5 Abraham, Moses and King David

Remember: God made the world a good place where we could know Him and He could bless us, but we rebelled and brought evil into the world. So God chose one person, Abraham, from whom He made a nation, Israel, so that through this one nation He would save all nations. The Old Testament is their story, the story of God preparing this people so that He could become a human being by being born to a woman of Israel. He did this in order to become the Savior and King of the whole human race, fulfilling His original intention for us to know Him and be blessed by Him.

Foundations – Family – Fulfillment and Failure

King – Kingdoms

Kicked Out – Came Back

 

God Gets the Ball Rolling

After the first eleven chapters of Genesis, it appears that this “Creation” idea was a failure, but God doesn’t see it this way. The next point in the story we need to take a deeper look at is when God called Abraham. Abraham’s story is found in Genesis 12-25. There we read that God chose Abraham to be the founder of a nation which He would use to undo human rebellion and redeem the world. He told Abraham to leave his family and people so that he could become a nation, and Abraham obeyed. In these stories we see themes that will be important through the rest of the Bible: faith in God, righteousness, relationship with God, intercession, and substitution. Abraham acted in faith in God’s promises, doing things that only make sense if God is really going to act and intervene in real life. We see that God wanted Abraham to understand justice and righteousness so that the nation that comes from him would be an example to the other nations. Speaking to himself about Abraham, God says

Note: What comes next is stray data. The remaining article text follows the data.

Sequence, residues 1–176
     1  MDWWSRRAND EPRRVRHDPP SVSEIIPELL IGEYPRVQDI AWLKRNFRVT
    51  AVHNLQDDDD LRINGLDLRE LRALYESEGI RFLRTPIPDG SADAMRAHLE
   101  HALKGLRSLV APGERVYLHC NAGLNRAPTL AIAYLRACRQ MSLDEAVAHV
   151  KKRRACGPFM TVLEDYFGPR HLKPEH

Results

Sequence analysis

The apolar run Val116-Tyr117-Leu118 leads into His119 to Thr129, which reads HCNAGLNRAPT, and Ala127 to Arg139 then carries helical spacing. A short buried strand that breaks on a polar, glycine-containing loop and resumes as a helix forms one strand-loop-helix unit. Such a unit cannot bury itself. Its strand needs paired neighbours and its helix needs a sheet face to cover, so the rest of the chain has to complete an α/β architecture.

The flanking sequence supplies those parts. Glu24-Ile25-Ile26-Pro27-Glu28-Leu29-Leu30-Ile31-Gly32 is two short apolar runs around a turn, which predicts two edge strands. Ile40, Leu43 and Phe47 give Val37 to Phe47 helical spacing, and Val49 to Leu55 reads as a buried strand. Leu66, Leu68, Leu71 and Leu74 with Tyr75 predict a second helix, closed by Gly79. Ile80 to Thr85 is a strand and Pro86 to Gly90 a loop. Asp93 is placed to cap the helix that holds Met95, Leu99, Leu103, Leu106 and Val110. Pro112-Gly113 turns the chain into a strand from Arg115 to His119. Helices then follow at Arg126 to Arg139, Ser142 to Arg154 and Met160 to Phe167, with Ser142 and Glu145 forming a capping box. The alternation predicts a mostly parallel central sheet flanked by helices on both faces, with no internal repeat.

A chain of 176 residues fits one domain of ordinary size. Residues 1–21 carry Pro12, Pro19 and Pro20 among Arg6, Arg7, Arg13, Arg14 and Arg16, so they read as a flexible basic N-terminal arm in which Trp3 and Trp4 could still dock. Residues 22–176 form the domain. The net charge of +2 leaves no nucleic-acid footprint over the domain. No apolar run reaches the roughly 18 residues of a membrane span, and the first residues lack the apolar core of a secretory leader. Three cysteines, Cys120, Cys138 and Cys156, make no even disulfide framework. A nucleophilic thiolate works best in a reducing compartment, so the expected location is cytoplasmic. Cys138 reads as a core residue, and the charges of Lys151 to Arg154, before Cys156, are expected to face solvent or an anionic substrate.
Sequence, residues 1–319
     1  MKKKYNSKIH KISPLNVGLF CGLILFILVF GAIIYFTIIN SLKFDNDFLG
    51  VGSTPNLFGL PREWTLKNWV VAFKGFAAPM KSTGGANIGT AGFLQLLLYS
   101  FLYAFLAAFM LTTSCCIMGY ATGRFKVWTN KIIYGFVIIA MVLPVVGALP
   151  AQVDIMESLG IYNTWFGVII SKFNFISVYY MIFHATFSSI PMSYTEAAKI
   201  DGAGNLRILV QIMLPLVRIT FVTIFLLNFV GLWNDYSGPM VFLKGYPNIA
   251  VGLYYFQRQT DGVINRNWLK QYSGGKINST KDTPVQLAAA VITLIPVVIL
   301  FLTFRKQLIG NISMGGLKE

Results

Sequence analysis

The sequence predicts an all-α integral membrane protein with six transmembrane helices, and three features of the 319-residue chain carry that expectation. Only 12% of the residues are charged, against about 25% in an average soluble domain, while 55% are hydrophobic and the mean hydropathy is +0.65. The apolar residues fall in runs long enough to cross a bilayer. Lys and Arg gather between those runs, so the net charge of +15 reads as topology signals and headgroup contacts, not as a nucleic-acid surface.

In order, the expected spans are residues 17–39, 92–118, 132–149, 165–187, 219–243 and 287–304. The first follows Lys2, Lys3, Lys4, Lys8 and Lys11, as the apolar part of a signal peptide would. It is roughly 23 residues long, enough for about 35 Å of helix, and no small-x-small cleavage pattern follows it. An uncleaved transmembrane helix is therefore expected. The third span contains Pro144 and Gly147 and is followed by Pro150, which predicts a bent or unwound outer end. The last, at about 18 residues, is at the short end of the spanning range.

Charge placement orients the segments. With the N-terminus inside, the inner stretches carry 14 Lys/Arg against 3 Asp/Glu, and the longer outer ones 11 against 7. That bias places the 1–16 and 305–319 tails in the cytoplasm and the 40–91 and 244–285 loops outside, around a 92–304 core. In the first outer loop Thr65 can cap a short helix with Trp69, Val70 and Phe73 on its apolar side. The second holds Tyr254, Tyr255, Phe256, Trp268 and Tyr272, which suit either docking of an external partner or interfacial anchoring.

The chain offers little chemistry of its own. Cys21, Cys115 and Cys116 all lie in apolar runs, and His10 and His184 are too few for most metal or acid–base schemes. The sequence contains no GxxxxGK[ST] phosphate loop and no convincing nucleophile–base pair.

“Shall I hide from Abraham what I am about to do, seeing that Abraham shall surely become a great and mighty nation, and all the nations of the earth shall be blessed in him? For I have chosen him, that he may command his children and his household after him to keep the way of the Lord by doing righteousness and justice, so that the Lord may bring to Abraham what he has promised him. (Gen. 18:17-19 ESV)”

God was about to destroy the cities of Sodom and Gomorrah because they were so wicked. Abraham’s response was to intercede for these people. He respectfully argues with God, saying